Iraqi Army 2nd Brigade Plans and Leads Humanitarian Effort


Students at a Kirkuk schoolhouse were all smiles when Iraqi Army 2nd Brigade brought truckloads of supplies

The Iraqi Army has been performing humanitarian missions in Kirkuk for months with coalition forces, but today’s mission was not only led by the 2nd Brigade; every facet of the mission from planning to execution was performed with little coalition assistance.

Gen. Anwar, commander of the Iraqi Army 2nd Brigade, was at the forefront of planning the humanitarian effort, and was at the schoolhouse to personally visit with some of the children and hand out school supplies.

The Iraqi Army visited classrooms with backpacks, pens and pencils, and paper in hand for the students.

The principal of the schoolhouse, Hamed Thnon, said he was pleased that the Iraqi Army visited and commented on how happy the children seemed.

“The children are very happy with the gifts,” Thnon said. “Friendship between the children and the Iraqi Army is important to build a new Iraq. I will tell my family about this.”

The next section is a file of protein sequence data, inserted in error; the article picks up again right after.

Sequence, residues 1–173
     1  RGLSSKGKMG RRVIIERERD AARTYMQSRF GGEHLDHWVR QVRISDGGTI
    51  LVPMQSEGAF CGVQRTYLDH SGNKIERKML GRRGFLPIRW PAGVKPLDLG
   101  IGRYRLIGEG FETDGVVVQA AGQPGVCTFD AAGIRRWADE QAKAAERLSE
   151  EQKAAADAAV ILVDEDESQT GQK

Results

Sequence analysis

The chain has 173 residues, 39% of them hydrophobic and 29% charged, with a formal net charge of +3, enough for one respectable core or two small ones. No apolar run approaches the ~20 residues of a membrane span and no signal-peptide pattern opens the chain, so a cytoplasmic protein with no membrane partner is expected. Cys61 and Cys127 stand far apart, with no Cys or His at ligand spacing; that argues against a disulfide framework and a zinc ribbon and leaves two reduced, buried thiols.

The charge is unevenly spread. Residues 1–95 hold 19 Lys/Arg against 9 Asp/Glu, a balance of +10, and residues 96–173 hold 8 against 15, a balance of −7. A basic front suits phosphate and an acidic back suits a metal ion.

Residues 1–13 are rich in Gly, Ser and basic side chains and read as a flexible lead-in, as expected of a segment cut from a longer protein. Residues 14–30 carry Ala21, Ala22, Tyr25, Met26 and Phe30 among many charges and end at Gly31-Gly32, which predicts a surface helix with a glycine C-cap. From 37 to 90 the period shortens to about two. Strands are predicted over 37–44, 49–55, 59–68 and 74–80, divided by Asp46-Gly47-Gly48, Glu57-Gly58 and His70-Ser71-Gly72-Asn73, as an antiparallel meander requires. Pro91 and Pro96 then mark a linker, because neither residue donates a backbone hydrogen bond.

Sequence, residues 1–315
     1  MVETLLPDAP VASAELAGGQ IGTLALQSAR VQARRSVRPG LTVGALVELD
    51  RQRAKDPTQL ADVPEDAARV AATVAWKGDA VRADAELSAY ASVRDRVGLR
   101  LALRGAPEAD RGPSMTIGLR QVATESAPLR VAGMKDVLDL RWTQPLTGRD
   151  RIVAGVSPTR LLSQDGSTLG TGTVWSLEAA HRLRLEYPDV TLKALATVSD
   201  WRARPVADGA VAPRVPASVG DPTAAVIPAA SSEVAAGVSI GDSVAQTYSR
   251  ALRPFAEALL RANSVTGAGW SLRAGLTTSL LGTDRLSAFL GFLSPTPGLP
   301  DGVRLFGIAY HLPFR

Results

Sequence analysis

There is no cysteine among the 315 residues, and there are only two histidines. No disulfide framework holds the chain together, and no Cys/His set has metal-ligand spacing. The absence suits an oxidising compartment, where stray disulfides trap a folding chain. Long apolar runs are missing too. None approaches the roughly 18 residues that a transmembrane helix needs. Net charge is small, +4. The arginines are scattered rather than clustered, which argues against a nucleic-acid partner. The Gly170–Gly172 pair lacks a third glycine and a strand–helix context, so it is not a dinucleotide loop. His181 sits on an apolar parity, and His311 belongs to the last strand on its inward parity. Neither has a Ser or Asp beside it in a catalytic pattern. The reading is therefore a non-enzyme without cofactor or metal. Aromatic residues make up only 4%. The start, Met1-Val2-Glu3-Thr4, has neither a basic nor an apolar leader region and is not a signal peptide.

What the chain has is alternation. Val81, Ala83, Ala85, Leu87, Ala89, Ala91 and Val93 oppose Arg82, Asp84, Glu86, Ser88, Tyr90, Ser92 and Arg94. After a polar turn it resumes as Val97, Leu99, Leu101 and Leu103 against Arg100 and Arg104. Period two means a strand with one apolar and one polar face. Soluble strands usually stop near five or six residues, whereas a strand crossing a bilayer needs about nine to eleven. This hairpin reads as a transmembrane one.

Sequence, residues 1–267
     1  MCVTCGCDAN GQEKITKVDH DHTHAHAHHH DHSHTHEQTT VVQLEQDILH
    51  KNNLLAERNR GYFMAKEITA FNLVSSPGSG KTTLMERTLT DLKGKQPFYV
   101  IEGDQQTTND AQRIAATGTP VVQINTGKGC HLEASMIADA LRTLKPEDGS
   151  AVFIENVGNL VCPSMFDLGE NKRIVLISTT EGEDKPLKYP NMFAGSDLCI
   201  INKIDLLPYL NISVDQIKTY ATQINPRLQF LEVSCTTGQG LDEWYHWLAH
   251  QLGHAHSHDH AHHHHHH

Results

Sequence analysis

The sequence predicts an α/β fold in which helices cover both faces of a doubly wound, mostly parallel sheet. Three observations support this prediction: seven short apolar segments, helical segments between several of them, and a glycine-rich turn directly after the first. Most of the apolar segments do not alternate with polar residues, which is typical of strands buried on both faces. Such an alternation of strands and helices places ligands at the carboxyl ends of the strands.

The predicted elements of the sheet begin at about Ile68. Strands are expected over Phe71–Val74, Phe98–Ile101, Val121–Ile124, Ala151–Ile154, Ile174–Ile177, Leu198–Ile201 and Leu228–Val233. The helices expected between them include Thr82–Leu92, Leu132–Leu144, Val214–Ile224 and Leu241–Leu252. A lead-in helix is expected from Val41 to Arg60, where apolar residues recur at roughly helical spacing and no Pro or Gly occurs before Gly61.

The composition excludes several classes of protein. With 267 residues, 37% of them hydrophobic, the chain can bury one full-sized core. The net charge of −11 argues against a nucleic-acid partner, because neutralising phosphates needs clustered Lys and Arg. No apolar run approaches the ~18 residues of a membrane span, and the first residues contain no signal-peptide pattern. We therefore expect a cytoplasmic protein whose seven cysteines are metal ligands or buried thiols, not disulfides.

Anwar said he selected this schoolhouse because of the area it is in has been problematic. He thought this gesture would help build a relationship with the community and the security forces in the area.

This mission was entirely planned and executed by the Iraqi security forces, something coalition forces have been working toward for a long time now, said Maj. Steven M. Howell, the 2nd Iraqi Army Brigade Military Transition Team chief.

“The Iraqi Army is beginning to communicate and educate Iraqis on how a strong security force is essential to freedom and democracy in Iraq,” Howell said. “Today was the first Iraqi Army planned and led humanitarian assistance mission, and showed that the Iraqi Army is focused on the future of Iraq and conveying to the next generation the power of freedom and democracy.”

The Kirkuk government worked with the Iraqi Army and the principal of the school to succeed in today’s mission. Howell said that all elements of the government working together are important for the future of Iraq.

“If Iraq is to succeed, it will take the army, police, and government working as one to demonstrate that democracy works,” Howell said.

Today’s mission not only was a testament to that, but also showed that the many months of training and working with the Iraqi Army is helping them establish the future of Iraq’s freedom.

Spc. Michael Pfaff is a writer and photographer with 133rd Mobile Public Affairs Detachment, Kentucky Army National Guard.